Bright future: Louise Gray

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Louise Gray's technicolour shows are a high point of London Fashion Week. Rebecca Gonsalves meets the maverick Scottish designer

In London, there is currently a vogue for the work of young Scottish fashion designers – with Christopher Kane, Jonathan Saunders and Louise Gray leading the charge. However, if you want a reason behind it, don't ask Gray.

"People ask me that all the time," she tells me at her studio in Hackney. "Because I went to Saint Martins with Christopher Kane and one of the reasons I wanted to go in the first place was Jonathan Saunders.

"There is a Scottish thing, but I don't know what it is. Maybe it's that we dream more, or know we have to come to London to do it."

This season Gray will show her eighth collection at London Fashion Week, which kicks off on Friday and, though her progression as a young designer – moving from presentations at Fashion East to the main schedule – could be considered textbook, her vibrant designs are anything but. Gray's eye-catching use of appliqué, embroidery and bold colour has secured deserved recognition for her eponymous line.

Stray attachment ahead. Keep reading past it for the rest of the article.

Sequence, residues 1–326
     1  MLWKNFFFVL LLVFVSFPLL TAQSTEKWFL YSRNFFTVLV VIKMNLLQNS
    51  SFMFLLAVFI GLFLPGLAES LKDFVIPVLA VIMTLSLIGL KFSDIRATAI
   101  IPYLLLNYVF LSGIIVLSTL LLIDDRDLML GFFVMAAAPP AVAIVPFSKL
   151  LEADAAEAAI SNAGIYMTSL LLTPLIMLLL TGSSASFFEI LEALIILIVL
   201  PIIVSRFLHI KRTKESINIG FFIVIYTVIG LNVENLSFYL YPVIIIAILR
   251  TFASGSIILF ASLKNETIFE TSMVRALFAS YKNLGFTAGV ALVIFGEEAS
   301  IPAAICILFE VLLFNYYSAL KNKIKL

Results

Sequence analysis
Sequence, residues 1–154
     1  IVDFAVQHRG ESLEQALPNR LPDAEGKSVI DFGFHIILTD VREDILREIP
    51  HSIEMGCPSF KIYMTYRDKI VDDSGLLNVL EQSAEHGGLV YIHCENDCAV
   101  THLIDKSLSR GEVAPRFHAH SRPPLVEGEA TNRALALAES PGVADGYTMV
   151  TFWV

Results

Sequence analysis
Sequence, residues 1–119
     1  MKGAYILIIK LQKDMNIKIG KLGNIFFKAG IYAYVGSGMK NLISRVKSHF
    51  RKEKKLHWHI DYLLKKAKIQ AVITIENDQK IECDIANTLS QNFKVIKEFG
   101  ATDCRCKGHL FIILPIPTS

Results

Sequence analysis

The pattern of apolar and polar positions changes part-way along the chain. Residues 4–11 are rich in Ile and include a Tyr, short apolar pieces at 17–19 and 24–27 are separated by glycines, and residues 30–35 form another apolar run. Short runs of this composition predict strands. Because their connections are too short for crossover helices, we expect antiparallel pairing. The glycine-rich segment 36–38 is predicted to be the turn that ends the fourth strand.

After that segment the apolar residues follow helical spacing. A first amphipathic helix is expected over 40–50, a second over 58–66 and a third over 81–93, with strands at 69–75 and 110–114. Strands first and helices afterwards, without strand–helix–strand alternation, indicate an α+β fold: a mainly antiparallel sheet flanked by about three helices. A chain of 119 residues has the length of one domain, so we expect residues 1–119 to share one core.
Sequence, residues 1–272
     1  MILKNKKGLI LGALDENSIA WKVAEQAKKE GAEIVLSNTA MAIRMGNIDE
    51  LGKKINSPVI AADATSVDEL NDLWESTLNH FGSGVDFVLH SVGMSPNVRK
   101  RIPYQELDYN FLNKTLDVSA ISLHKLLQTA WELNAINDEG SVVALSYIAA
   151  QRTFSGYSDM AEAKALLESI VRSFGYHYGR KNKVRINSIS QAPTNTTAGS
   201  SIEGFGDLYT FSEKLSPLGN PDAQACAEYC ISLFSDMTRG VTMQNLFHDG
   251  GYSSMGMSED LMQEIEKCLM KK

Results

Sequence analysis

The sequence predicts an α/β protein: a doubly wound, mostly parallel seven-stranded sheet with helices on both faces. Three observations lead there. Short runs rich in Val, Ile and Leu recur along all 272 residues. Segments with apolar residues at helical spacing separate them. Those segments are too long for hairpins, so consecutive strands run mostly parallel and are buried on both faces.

Independent from a young age, Gray left the family home in rural Scotland at 17 to study textiles in Glasgow, before moving onto the prestigious Glasgow School of Art to complete her BA in textile design. "Art school was kind of the cliché," says Gray. "But so fun; it felt very free. It definitely influenced my design style – you had to learn the four disciplines: knit; weave; print and embroidery. I didn't like weaving – I thought it was so boring. I felt like a Victorian child at the back of all these looms. The weaving studio was in the top of this huge tower, so you could see the whole of Glasgow, which was amazing. But I just liked print and embroidery better because it's so much more tactile. With knitting you can't really change as you go along, you have to decide what you want to do right at the very start. I much prefer the idea that everything can change in between."

This, combined with Gray's almost waif-like presence, may give the impression that she is unsure of herself, which couldn't be further from the truth: "Before I graduated from art school I applied [to the MA course at Central Saint Martins] and I thought if I get in I'll go and if I don't I'll decide what to do then. That's the only thing I wanted to do, but it felt like a million miles away from actually being real. I wanted to do fashion, I wanted to do textiles, but by the time I graduated from art school I felt I'd outlived Glasgow. I'd already been there for five years; I thought: 'I want more'."